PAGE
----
Item 10 inserts Section 305A, which allows ACMA to use computer programs in the exercise of its powers and specifies how this system is applied in the legislative framework of the Act. This enables ACMA to arrange for computer programs under its control to make decisions, exercise powers, comply with obligations or do anything related to the making of a decision, exercising a power or complying with obligations.

Under this provision, ACMA would use automated decision making where the process of making a decision is uncomplicated, for example, the renewal of short term apparatus licences where the relevant requirements are generally the provision of required information, compliance with licence conditions, and payment of fees. In these cases, computerised decision making will be more efficient and accurate than manual decisions. It is not intended that computerised decision making would be used for complex decisions which may require additional scrutiny by an officer of ACMA, for example, the renewal of a 20 year apparatus licence.

The design of the computerised decision making process will take into account administrative law requirements including ACMA being required to substitute a decision where it is satisfied that the computerised decision making system has made the wrong decision. ACMA would also be able to facilitate the efficient consideration of matters relevant to the application, and adjust the system so that the use of a computerised system does not lead to inappropriate outcomes. For example, in the case of licence renewal, where ACMA must not renew a licence where it would be inconsistent with the Australian Radiofrequency Spectrum Plan (due to the operation of section 104 of the Act), ACMA would be able to identify licences falling into this category following a change in the ARSP and mark them so they are not able to be renewed by the system. In this way, human administrative judgment would oversee the system where it may make a decision that is contrary to the interests of an individual.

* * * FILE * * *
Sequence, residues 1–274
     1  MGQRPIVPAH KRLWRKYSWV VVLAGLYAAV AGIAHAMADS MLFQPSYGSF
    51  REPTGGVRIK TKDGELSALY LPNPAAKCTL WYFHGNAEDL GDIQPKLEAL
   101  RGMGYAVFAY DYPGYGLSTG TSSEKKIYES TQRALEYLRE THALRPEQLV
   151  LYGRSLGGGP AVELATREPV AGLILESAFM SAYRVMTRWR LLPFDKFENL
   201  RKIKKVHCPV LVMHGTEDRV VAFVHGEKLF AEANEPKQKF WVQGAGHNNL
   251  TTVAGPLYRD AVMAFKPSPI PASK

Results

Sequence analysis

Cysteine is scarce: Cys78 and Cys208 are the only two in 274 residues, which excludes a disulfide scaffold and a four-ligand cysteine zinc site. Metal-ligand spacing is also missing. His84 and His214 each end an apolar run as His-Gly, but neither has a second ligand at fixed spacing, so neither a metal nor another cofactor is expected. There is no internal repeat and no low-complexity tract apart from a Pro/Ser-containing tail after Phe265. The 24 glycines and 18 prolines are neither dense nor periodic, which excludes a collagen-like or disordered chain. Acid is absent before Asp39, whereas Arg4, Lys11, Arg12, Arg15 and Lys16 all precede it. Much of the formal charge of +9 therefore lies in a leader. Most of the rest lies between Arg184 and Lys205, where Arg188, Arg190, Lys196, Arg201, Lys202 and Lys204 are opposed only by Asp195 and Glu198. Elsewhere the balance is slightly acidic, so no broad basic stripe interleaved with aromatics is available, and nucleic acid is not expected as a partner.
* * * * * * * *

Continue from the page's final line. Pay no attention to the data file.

Decisions made by ACMA using a computer based process would be subject to independent review under the Act.